Here are the broad categories of nonfiction discussed in the original Author + Entrepreneur: The Product post.
Broad Types of Non-Fiction
- Creative nonfiction
Nonfiction as with fiction can serve to fulfill any of the three e’s that we previously discussed: Education, Entertainment, and Enlightenment. For example, on a personal level, I read non-fiction books about wine and business for education. I read memoirs for entertainment, and I read books on creative thinking and spirituality for enlightenment. Of course the lines can be blurred and a great book is one that hits the sweet spot.
The core of non-fiction is based in fact; therefore, it stands to reason that if you want to have a high quality work of non-fiction, you have to get the facts straight. The art and craft of writing non-fiction is rooted in the experience of presenting factual information in a way that is compelling for the reader to read. It is hitting the sweet spot of why people read, and has to add enough value for the reader to exchange his/her money and time for your information.
When writing non-fiction here are a few things to keep in mind to get closer to the sweet spot:
Research, research, research – Non-fiction is about facts, so the facts should be correct! This is of vital importance. It is critical that you understand what else is out there. Make sure if you’re using facts, figures, dates, names, etc. that they are correct especially in the cases of historical, biographical, and scientific content.
Have a title that captures attention and communicates intention – Don’t think that readers do not judge books by their covers because they absolutely do. This point pretty much speaks for itself, but if I’m reading a work of non-fiction, as with any book, the title is the first thing I see. However, when I’m reading non-fiction I’m going there with a specific purpose, so keep it interesting and relevant.
Share the right amount of information – It’s very easy to assume that people know something, but you don’t want to confuse the reader with missing background information, theories, or ideas. How much background information will the reader need to know to understand the content of the book? If they need other information, have I provided that information or at least pointed them in the direction of where they can find it?
Your personal touch – When I read non-fiction this is the part that really keeps me engaged with what I’m reading. The personal touch can come from many different places, but the most of it comes from the author’s tone and voice. Tone and voice are communicated through word choice and syntax. The particular words you choose and the way you construct sentences and paragraphs. Be careful not come off unapproachable in the writing because you’re sharing factual information. People are generally coming to you for help, information, and guidance.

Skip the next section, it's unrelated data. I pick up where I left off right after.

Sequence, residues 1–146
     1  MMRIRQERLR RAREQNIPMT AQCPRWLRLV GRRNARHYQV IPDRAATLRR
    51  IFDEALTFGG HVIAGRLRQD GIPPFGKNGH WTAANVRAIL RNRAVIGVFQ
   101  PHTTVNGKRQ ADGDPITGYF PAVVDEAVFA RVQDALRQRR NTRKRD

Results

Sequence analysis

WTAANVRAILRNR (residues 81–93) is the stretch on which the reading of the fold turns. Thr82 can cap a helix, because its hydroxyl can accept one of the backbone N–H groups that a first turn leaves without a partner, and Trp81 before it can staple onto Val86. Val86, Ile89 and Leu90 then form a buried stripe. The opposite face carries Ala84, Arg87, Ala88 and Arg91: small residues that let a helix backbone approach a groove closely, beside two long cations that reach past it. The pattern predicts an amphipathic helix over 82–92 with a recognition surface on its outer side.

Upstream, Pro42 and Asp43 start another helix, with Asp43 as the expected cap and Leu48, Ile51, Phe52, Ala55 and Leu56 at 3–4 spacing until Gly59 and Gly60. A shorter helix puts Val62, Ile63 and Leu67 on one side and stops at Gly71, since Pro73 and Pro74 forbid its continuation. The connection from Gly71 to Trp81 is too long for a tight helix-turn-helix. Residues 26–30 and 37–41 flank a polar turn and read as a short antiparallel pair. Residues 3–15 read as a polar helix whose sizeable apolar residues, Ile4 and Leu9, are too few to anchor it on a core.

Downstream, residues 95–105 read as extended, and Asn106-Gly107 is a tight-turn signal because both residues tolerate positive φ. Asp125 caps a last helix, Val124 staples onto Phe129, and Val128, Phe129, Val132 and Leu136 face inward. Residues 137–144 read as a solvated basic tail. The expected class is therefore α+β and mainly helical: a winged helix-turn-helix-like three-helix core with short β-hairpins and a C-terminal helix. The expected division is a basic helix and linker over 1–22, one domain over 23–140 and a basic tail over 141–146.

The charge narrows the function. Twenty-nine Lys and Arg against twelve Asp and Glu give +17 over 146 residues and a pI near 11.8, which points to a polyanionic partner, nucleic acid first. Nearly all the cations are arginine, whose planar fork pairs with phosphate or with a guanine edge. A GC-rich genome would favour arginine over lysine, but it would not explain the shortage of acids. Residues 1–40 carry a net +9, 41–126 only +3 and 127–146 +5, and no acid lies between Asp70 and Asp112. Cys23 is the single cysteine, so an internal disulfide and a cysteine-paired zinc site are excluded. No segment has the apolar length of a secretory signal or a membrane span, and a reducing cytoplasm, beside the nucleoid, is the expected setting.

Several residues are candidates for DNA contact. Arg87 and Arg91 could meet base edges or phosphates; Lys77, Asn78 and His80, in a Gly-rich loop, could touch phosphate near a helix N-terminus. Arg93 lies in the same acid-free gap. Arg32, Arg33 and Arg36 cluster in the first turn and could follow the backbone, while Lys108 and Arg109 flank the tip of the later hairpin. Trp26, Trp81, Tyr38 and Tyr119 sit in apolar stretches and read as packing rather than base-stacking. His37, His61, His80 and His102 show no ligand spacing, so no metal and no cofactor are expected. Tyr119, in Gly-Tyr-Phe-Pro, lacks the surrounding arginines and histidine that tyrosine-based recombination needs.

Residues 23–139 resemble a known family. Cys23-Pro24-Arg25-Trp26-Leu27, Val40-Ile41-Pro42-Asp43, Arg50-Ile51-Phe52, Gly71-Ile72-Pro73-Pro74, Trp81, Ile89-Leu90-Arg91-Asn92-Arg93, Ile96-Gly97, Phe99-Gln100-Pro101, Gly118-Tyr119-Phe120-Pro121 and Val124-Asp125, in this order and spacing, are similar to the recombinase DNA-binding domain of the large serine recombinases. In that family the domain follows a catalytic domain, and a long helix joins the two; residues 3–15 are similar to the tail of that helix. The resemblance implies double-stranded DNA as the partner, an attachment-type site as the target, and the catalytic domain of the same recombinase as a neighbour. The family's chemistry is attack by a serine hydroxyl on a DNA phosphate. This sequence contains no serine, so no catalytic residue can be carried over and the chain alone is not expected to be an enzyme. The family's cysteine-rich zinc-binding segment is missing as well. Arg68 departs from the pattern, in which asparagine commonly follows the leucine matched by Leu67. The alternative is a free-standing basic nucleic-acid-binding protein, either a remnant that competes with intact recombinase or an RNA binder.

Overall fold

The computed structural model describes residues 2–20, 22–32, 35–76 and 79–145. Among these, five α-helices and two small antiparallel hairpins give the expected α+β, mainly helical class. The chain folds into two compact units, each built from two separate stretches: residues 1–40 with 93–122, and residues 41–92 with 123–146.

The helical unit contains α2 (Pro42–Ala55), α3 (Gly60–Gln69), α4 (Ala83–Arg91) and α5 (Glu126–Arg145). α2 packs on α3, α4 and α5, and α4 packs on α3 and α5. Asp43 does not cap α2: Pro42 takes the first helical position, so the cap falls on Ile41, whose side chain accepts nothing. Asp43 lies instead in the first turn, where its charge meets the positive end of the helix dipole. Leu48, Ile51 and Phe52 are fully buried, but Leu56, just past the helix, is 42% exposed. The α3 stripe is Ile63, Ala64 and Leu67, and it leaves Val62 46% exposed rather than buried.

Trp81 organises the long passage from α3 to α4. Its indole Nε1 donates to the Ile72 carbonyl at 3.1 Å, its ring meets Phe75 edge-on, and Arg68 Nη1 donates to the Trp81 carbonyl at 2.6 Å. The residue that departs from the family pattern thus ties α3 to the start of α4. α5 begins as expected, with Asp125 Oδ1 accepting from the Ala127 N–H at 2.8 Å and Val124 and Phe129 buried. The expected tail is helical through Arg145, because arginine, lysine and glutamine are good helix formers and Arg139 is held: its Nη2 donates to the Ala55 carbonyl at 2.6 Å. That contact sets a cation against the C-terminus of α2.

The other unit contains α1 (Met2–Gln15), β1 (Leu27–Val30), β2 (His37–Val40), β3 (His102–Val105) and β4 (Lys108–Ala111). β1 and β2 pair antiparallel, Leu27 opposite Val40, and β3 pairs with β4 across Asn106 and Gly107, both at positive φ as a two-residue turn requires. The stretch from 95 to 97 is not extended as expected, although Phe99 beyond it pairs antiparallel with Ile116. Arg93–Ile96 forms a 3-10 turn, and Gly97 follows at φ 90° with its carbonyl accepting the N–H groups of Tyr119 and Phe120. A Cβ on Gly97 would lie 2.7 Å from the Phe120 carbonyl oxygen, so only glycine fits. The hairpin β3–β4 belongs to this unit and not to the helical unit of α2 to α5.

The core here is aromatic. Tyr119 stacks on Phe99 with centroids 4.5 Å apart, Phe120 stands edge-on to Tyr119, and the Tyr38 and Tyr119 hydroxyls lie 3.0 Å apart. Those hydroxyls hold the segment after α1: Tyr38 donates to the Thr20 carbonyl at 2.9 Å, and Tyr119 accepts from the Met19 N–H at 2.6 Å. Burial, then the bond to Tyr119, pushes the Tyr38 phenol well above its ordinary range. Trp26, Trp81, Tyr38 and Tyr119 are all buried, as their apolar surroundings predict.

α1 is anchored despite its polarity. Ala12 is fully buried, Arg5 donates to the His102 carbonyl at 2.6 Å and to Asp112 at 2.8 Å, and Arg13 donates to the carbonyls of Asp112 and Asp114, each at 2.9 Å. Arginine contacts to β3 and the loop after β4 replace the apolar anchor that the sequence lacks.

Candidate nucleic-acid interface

Suggested Reading – One of my favorite parts of reading non-fiction is the suggested reading list. This is typically found at the end of the book, and it’s simply a list of books that have contributed to the compilation and synthesis of ideas that have produced the current work. Most of the time, I will never get the chance to read these books, but I just appreciate the idea of being able to dig deeper and knowing where to look if/when I want more information, but this goes back to the idea of providing the right amount of information or informing people of where to find more.
Happy non-fiction writing and just to give you an idea of the memorable non-fiction pieces I’ve read in the last year, and where this advice is coming from…
Latest non-fiction books that have made my reading list within the past year:
- On the Road (The Original Scroll)
- The E-Myth Revisited
- How I Sold 1 Million eBooks in 5 Months
- Harvard Business Review on Breakthrough Thinking
- Operating Manual for Spaceship Earth
- 2 Years To A Million in Real Estate
- 4 Steps to the Epiphany
- The Lean Startup
(And these are just the non-fiction books I remember reading off the top of my head and saw on my iPad)
Currently on the non-fiction queue:
- How to Build a Brand Like Trader Joe’s
- The Wealth of Nations
- The Republic
- Utopia (Again, and for research reasons)
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